March 9 2020  |  Industry News

Coronavirus: UNWTO forecasts loss of up to US$50 billion in international tourism receipts for 2020

By Mary Jane Pittilla

In an update on the tourism sector’s response to the coronavirus outbreak, the World Tourism Organization (UNWTO) has pointed to a decrease in international arrivals and receipts in 2020.

“Public health measures need to be implemented in ways that minimize any unnecessary disruption to travel and trade,” the tourism body said on March 6.

Since the start of the outbreak, UNWTO said it had been working closely with the World Health Organization (WHO) to ensure this was the case.

UNWTO has revised its 2020 prospects for international tourist arrivals to a negative growth of 1% to 3%, translating into an estimated loss of US$30 to US$50 billion in international tourism receipts. Before the outbreak, UNWTO predicted a positive growth of 3% to 4% for this year.

This first assessment expects that Asia and the Pacific will be the worst affected region, with an anticipated fall in arrivals of 9% to 12%. Estimates for other world regions are premature in view of the rapidly evolving situation, said UNWTO, underscoring that any estimate must be treated with caution and is likely to be updated.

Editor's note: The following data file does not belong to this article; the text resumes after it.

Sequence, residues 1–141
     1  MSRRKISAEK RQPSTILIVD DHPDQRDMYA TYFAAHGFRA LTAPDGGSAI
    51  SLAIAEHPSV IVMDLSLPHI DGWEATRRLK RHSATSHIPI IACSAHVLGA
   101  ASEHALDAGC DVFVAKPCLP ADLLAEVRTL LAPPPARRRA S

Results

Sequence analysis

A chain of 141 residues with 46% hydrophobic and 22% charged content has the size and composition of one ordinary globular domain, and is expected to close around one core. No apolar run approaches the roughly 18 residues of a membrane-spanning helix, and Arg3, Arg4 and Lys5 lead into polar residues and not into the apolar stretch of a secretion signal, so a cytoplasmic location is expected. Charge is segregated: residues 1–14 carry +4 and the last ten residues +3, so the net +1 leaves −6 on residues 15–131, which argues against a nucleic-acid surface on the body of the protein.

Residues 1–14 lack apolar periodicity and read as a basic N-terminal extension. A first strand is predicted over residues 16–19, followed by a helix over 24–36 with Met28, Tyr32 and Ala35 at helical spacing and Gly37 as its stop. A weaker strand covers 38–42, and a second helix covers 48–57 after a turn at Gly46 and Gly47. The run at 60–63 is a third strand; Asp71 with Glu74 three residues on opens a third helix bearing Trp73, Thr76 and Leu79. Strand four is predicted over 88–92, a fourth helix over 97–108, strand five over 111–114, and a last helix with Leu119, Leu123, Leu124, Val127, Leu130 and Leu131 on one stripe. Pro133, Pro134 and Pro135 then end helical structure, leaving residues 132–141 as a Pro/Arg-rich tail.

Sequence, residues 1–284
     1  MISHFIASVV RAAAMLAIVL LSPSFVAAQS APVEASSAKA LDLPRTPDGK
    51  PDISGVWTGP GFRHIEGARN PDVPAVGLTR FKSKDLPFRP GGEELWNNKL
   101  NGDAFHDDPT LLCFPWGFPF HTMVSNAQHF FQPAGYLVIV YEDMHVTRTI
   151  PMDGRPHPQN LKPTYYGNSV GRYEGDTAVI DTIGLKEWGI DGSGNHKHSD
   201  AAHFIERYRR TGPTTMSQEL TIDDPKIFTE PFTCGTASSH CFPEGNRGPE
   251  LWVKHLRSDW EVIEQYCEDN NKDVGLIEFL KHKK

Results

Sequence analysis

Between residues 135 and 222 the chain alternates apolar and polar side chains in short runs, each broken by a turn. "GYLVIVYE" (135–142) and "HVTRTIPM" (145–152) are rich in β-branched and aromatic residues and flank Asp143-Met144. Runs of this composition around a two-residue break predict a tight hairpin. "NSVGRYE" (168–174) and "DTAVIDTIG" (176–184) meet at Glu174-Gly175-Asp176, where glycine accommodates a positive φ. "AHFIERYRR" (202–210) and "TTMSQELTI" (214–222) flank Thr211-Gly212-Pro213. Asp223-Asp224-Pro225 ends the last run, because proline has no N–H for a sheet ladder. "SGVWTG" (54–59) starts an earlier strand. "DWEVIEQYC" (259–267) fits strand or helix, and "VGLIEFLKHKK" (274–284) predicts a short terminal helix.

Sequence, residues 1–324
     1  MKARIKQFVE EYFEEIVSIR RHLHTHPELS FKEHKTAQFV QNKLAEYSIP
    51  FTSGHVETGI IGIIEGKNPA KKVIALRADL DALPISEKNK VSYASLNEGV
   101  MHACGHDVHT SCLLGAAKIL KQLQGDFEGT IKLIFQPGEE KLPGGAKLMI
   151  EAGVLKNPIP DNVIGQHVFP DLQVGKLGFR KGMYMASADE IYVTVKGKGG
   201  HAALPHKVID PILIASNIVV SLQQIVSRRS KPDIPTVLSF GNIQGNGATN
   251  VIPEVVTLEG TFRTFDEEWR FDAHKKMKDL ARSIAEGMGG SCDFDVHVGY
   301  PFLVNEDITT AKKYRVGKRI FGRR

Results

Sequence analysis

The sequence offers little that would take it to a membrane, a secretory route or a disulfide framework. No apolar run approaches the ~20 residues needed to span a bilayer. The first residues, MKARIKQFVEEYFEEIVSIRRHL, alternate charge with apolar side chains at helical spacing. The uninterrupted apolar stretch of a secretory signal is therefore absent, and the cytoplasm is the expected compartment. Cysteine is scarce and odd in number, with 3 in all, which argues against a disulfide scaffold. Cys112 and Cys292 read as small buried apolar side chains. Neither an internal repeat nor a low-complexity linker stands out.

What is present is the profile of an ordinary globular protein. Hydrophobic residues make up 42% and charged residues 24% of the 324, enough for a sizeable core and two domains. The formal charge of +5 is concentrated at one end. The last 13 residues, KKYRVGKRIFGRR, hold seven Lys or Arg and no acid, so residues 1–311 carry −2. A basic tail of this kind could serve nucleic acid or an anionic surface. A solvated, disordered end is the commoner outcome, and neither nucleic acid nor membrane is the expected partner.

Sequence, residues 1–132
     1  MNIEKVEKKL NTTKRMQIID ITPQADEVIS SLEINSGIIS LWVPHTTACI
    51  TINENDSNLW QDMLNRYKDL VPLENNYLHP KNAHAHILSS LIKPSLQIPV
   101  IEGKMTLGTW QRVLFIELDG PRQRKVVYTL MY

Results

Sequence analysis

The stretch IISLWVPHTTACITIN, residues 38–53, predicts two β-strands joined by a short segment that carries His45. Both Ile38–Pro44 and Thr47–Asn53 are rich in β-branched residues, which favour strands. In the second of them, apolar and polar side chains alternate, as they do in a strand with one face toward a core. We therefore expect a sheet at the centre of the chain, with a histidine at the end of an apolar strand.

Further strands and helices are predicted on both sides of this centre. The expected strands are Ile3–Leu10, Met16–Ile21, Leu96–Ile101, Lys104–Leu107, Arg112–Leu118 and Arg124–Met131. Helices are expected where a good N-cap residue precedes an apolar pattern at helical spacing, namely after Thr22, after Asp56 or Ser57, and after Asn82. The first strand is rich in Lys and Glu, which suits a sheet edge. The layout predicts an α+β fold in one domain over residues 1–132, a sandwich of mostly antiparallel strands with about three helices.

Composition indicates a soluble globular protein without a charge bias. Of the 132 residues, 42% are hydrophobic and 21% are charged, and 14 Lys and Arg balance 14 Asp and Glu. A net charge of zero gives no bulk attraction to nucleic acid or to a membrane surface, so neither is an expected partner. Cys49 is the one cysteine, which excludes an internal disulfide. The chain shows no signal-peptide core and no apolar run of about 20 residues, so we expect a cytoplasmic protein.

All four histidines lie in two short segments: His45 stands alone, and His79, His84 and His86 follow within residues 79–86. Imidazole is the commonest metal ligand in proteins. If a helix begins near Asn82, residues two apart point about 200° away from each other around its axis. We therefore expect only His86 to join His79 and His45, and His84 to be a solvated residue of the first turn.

UNWTO called for financial and political support for recovery measures aimed at tourism, and to include support for the sector in the wider recovery plans and actions of affected economies.

The impact of the outbreak will be felt across the whole tourism value chain, it said. UNWTO Secretary-General Zurab Pololikashvili stressed that “small and medium sized enterprises make up around 80% of the tourism sector and are particularly exposed with millions of livelihoods across the world, including within vulnerable communities, relying on tourism”.

Political and financial commitments are key to ensure that tourism can lead wider economic and social recovery, as proven in past disruptions on the back of the highly resilient nature of the sector and its ability to bounce back strongly, said UNWTO.

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